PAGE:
June 19, 2012: From the desk of SHADAC Director Lynn Blewett
The US Supreme Court will rule sometime in June about the constitutionality of the provision in the Affordable Care Act (ACA) that requires every US citizen to purchase health insurance coverage – the so-called individual mandate. The issue in question is whether the US Congress, under its authority to regulate interstate commerce, can require this action of all US citizens.
The Important Role of the Mandate
The individual mandate has been seen as pivotal to getting private health insurance plans to support and offer coverage through the health insurance exchange. The logic behind the mandate is that for exchanges to work, the young and healthy must pay into the system along with those who are less healthy in order to lessen the overall financial impact of the sicker, higher-cost enrollees.
The individual mandate has also been critical in getting private insurance plans to accept additional insurance reforms beyond the mandate. Specifically, with the mandate and its effect of spreading risk more broadly, private insurers are more accepting of the requirement that they provide coverage to anyone who applies regardless of any pre-existing health condition (a concept called "guaranteed issue"). Additionally, private health insurers cannot price premiums higher for people with pre-existing conditions; instead, they must adhere to a modified community rating with no rating based on gender or health status and limitations on rating with regard to age. Unless enough people sign up for coverage in the exchange (as facilitated by the individual mandate), however, insurers would be unable to cover their costs with these regulations in place, and ultimately they could refuse to participate. In fact, the Obama administration has warned that if the individual mandate goes, the guaranteed issue and community rating provisions must also go.
State Options if the Mandate Goes
Loss of the individual mandate does not need to be a deal breaker, at least at the state level. There are several options a state could pursue if the individual mandate, along with guaranteed issue and community rating, are overturned by the Supreme Court.
The idea behind the mandate is to get the healthy people along with the sick to sign up for the coverage in order to spread out the risk. For a state like Minnesota with a fairly stable individual insurance market—due in large part to a well-establish high risk pool, which also bypasses the need for a guaranteed issue rule—the subsidies provided in the exchange might provide sufficient incentive for a wide swath of individuals to purchase coverage in the exchange. The state would have to ensure through regulation that rating rules within and outside of the exchange are the same, and we would need to maintain the high-risk pool separately from the exchange, at least until there is some experience and data to inform whether it makes sense to move the high risk pool into the exchange.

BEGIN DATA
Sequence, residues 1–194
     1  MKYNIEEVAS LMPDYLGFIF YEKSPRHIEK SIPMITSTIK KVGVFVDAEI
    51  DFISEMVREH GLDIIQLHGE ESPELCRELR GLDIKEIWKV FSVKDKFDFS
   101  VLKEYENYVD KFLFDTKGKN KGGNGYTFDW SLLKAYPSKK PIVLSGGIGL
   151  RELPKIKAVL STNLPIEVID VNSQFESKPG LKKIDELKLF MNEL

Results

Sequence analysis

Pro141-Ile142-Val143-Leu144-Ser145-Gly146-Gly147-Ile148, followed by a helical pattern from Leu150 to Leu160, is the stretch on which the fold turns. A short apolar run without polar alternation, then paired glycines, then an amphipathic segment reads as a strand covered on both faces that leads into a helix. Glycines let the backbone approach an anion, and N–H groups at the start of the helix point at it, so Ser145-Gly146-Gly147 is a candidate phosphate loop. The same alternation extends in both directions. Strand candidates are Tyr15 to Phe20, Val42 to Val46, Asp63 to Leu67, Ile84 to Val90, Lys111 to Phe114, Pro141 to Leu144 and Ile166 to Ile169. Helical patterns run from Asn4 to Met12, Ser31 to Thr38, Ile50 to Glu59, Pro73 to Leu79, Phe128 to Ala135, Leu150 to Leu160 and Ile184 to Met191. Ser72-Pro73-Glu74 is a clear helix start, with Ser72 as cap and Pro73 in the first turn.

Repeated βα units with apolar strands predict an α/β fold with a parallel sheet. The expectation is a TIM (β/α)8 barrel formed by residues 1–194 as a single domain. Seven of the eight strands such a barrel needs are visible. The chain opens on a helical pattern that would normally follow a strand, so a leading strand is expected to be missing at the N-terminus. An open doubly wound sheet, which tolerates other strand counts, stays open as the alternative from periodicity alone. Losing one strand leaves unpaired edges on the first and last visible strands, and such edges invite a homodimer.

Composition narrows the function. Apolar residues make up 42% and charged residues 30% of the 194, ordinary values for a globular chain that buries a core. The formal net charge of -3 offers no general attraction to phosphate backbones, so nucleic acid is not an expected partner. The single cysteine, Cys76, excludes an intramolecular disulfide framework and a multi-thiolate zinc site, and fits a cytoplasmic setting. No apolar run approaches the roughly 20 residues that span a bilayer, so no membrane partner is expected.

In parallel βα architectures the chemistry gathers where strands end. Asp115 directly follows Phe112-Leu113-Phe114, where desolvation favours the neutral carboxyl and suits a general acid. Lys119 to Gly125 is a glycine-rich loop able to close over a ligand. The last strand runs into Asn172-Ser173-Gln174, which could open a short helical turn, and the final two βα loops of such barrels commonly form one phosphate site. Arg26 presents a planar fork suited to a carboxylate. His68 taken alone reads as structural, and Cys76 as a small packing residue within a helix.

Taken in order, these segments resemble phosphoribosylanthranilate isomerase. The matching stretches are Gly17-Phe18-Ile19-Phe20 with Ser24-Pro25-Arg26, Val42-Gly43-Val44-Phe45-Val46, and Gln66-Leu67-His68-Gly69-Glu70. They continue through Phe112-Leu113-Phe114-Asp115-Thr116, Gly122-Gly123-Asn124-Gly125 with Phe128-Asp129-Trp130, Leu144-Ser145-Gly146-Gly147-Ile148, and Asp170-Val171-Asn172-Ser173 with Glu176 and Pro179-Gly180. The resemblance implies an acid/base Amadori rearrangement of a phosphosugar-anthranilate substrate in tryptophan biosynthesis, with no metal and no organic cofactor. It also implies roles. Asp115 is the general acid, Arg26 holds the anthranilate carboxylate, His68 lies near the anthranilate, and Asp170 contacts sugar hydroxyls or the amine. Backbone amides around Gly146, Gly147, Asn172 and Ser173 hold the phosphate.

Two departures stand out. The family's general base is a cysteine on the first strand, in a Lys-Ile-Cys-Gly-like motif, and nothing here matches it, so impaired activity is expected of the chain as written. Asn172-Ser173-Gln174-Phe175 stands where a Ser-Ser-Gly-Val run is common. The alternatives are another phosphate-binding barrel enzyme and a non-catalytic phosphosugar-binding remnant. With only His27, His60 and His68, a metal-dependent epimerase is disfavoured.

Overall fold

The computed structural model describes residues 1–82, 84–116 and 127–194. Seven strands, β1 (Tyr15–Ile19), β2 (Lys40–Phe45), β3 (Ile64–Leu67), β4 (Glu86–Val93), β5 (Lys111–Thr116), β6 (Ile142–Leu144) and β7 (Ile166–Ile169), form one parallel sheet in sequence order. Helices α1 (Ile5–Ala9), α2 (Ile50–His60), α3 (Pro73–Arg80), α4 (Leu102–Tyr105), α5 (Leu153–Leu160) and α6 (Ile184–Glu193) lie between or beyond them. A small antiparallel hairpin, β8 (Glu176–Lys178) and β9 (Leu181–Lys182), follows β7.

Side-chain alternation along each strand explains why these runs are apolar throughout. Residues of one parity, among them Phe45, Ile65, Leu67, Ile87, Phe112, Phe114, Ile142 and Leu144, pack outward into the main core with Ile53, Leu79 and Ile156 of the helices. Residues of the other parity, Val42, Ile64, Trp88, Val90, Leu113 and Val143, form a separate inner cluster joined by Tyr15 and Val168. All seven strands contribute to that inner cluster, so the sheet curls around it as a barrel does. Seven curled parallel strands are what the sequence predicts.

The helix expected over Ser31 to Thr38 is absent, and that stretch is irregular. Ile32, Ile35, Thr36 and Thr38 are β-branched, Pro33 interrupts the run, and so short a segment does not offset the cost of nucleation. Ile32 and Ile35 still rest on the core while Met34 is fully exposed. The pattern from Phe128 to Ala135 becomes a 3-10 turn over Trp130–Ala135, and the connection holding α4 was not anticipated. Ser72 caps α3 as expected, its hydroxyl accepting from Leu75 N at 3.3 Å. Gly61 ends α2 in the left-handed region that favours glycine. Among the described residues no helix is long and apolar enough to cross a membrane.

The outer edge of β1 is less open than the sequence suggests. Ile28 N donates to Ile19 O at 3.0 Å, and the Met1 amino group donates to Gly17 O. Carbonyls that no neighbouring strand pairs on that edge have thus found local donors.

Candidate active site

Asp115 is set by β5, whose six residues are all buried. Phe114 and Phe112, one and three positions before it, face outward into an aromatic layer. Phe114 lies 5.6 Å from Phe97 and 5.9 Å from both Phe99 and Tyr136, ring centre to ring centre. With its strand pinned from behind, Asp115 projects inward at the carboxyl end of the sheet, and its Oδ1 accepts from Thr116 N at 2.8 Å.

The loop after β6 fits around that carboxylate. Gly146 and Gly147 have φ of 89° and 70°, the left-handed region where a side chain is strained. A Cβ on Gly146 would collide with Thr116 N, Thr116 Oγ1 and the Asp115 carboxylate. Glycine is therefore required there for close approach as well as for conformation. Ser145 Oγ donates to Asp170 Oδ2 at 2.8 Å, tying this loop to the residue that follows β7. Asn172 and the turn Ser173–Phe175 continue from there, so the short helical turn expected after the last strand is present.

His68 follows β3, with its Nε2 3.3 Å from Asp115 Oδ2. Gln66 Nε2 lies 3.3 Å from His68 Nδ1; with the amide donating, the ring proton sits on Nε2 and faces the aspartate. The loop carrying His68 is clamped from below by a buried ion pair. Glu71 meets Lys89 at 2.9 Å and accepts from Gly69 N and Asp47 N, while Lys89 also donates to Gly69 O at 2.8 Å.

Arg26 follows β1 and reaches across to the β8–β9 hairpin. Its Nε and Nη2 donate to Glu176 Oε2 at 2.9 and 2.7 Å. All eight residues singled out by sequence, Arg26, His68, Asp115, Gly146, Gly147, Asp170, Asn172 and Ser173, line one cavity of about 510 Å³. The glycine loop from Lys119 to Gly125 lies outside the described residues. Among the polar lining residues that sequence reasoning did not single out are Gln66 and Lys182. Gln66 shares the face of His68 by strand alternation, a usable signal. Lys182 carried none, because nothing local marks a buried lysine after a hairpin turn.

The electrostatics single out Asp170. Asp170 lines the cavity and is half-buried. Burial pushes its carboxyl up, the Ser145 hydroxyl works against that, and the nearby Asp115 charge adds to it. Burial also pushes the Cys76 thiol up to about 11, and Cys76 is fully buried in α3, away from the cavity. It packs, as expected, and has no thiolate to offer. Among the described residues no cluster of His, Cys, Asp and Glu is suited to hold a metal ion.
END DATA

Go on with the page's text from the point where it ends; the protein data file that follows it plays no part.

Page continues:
Another option is for a state to implement its own individual mandate under state regulatory authority. Massachusetts, which already administers a health insurance exchange, established its own state mandate for both individuals and employers. States also could implement the ACA’s modified community rating and guaranteed issue policies under state law. If a state were to put regulations in place to support its own individual mandate and its own modified rating and guaranteed issue provisions, the ACA would continue to provide both the start-up funds for the development of the exchange and the financial subsidies to help bring down the costs of the premiums offered.
A third option is for states to design an open enrollment period and encourage people to sign up when they are young and healthy. If an individual chooses to remain uninsured for a year, the cost of signing up would be higher the next year. (This is similar to how Medicare has designed its Prescription Drug program: If you don’t sign up the first year you become eligible for Medicare, the cost of signing up during the next open enrollment period will be higher.)
Many states can and will move forward with establishment of a health insurance exchange in the absence of the federal individual mandate. Of course, each of the above options would require legislative action as well as a bipartisan approach to the development and implementation of a state-based exchange—an approach that can be difficult. However, abandoning exchange development, even without the individual mandate, would be a wasted opportunity. The federal government is moving forward to develop its own health insurance exchange for states that choose not to act. If we don’t act, we risk giving up a solution tailored from the ground up to meet specific state needs in exchange for a generic federal model. A state-based exchange is the right option in many states--Minnesota among them--with or without a federal mandate for all US citizens to purchase health insurance.